Why Are The Hawkeyes Not Getting More BCS Championship Consideration?

B.Senior Analyst IOctober 15, 2009

MADISON, WI - SEPTEMBER 22: Head coach Kirk Ferentz of the Iowa Hawkeyes questions the referee during a game against the Wisconsin Badgers at Camp Randall Stadium September 22, 2007 in Madison, Wisconsin. (Photo by Jonathan Daniel/Getty Images)

For better or worse, college football has changed.  Just winning games isn't enough anymore.   

In order to compete for a national championship these days, schools need big name recruits and big numbers to go along with the wins.  In order to be considered a contender, teams need to win big and have lots of big yardage plays by athletes with household names.

It's not that these things are required to win games.  They aren't.  It's that big numbers and big names are required to impress the computers.

It's about the computers, ya see.   

Computers crunch complex calculations.  They can factor in more information to make more accurate assessments.

Humans trust computers because computers use logic to make decisions.  Humans make decisions based on logic, too, but that logic can be tainted by emotions, past experiences and underlying loyalties.

Computers don't have emotions, at least not outside the Matrix.  They are relied upon and trusted to make decisions because of that fact.

It takes big numbers to influence logic.  It takes big numbers to calculate complex equations.  It takes big numbers to impress a computer.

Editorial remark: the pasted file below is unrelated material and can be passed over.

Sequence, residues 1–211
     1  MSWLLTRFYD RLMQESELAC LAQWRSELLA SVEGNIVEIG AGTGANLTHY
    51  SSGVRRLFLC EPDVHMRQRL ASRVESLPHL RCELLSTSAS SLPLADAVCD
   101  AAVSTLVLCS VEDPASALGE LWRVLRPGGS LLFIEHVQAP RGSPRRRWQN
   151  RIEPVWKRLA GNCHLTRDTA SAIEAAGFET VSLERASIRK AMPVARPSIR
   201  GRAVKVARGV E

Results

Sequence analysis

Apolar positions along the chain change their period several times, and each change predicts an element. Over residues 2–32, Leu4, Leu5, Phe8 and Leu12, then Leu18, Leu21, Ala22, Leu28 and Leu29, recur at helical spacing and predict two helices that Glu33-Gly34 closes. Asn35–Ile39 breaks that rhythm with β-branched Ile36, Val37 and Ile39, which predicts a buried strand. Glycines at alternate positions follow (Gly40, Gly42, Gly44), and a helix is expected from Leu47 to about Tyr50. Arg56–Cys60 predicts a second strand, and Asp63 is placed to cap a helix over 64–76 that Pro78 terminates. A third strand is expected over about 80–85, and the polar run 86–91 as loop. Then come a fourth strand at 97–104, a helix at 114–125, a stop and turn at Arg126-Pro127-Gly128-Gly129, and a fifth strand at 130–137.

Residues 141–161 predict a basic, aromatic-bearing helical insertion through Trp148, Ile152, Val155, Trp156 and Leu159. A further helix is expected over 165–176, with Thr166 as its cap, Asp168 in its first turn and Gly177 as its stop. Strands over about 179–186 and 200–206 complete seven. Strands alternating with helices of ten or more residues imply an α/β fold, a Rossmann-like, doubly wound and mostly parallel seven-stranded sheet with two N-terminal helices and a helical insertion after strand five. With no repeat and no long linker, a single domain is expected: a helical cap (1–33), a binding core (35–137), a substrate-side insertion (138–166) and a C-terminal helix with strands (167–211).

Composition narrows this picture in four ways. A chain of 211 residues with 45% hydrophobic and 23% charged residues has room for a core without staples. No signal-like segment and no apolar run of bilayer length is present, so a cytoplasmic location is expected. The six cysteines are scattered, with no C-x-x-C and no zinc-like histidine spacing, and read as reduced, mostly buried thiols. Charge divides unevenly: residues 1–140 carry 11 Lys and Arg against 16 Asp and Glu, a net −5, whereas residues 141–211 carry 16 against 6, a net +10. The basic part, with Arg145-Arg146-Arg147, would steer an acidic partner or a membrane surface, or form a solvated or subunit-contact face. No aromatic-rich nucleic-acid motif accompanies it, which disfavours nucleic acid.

The Iowa Hawkeyes do not put up big numbers.  They don't have many big name players.  They don't impress computers.

Because they don't impress computers, the Hawkeyes don't get mentioned much as a contender.

Iowa is one of only two major college football teams with a perfect 6-0 record.  And they have beaten four BCS teams to obtain that record.  Yet, very few talk about them as a contender because those types of numbers don't impress computers. 

Neither do close wins.  According to the computer, close games with seemingly lesser opponents count against you.  

Iowa beat Northern Iowa by one point, beat Arkansas State by three points and beat Michigan by two points.  All three are wins, but all three wins count against the Hawkeyes.

The lack of big numbers on the score board is also hurting Iowa in the eyes of the all-knowing computer.  Iowa is known more for making their opponents turn the ball over rather than for scoring numerous touchdowns on flashy plays.

Iowa has collected 19 turnovers in six games this year.  They have scored only 18 touchdowns in that same time frame.

Computers want touchdowns, not turnovers, even though both win football games.

To the Iowa coaching staff, football is more like a chess match.  The objective is to win, and the strategy is different for each opponent.  Sometimes that strategy isn't pretty, but it is usually always effective.  

Kirk Ferentz isn't known for trying to impress computers.  He is known for being one of the best coaches in the country.  He is known for finding diamonds in the rough and molding them into professional athletes. 

He is known for finding ways to win football games.

Those who think they have the BCS formula figured out have done early calculations.  Those calculations have Iowa at number 10 in the BCS rankings.  The first official BCS results don't come out until after this week, however.

At first glance, 10 is a good position.  Upon looking closer, it becomes clear Iowa is being penalized for something. It becomes clear that numbers matter more than wins. 

Four of the nine teams ranked ahead of Iowa have a loss on their record.  Playing a good football team and losing a close game is better than playing against a lesser opponent and winning a close game.

That must be logic only a computer can understand.

Ferentz's style might not impress computers, but the 10 game win streak certainly does impress the Hawkeye nation.